This comes as President Biden attempts to enact his student debt cancelation scheme, which would transfer up to $20,000 in student loan debt per borrower onto taxpayers, totaling an estimated $400 billion. Biden’s scheme does nothing to address the underlying cause of the debt crisis, which would lead to Americans with student loans returning to the same level of debt in 5 years, according to the Committee for a Responsible Federal Budget.
Earlier this year, Cassidy introduced a Congressional Review Act (CRA) resolution to overturn this student loan scheme. After Congress passed the CRA with bipartisan support, President Biden vetoed the resolution last week.
The bills in this package include:
Click here for a one-pager on the package.
“With student debt repayments finally slated to resume, higher education reforms are long overdue. The Lowering Education Costs and Debt Act includes a thoughtful package of reforms to increase transparency, improve the student loan program, and strengthen accountability measures in a fiscally responsible way. The President should withdraw his costly unilateral student debt cancellation schemes and instead work with Congress on a plan to truly improve college affordability and outcomes,” said Maya MacGuineas, President, Committee for a Responsible Federal Budget.
“The federal student loan system is in desperate need of reform, and we commend Senate republicans for taking seriously the issues of college affordability and transparency for borrowers. While there is a lot of work to be done to fix the broken postsecondary financial aid system so that it works better for every student, this package of bills is a step in the right direction. Taxpayers and borrowers alike will benefit from policies that help future students make informed financial decisions. Innovative ideas like these, not inflationary and expensive mass loan forgiveness schemes, are key to improving higher education opportunity, affordability, and access in the long run,” said Jim Blew, Co-Founder, Defense of Freedom Institute.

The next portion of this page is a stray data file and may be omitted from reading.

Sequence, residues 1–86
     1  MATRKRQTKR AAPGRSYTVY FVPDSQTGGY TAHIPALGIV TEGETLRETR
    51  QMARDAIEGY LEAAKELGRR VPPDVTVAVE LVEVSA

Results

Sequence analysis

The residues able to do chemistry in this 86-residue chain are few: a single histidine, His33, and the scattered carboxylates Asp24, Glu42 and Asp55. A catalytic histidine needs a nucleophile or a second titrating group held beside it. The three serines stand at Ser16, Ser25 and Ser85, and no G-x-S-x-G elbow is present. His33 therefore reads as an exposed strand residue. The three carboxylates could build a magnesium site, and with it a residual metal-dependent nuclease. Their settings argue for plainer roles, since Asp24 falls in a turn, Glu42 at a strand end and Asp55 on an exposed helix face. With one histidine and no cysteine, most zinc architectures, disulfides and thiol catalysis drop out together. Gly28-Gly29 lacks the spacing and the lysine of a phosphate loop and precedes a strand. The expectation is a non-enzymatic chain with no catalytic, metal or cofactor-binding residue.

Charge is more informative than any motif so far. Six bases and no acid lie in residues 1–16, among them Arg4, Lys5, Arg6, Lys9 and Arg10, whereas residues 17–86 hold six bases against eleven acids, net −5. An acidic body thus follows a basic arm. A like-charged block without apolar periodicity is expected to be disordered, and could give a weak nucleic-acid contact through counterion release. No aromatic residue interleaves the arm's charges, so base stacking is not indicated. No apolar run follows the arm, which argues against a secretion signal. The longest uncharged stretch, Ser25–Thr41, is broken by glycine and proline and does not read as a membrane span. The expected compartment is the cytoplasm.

"This legislation caps federal student lending at commonsense levels, streamlines a confusing array of loan repayment options, defunds low-quality degree programs that are leaving students unable to repay their debts, and imposes much-needed transparency on the colleges and universities that collectively receive more than $100 billion from taxpayers every year. Rather than kicking the can down the road by cancelling debt, the provisions of this legislation will put the student loan system on a sounder footing in the long run,” said Preston Cooper, Senior Fellow, Foundation for Research on Equal Opportunity.
"With this package, Republican lawmakers have really stepped up to the plate in a big way with reforms that would meaningfully improve our broken system of higher education finance. The passage of this legislation would make college a safer bet for students and would protect taxpayers from picking up the bill when colleges and universities fail to deliver. These sensible reforms would be great for American higher education,” said Beth Akers, Ph.D., Senior Fellow, American Enterprise Institute.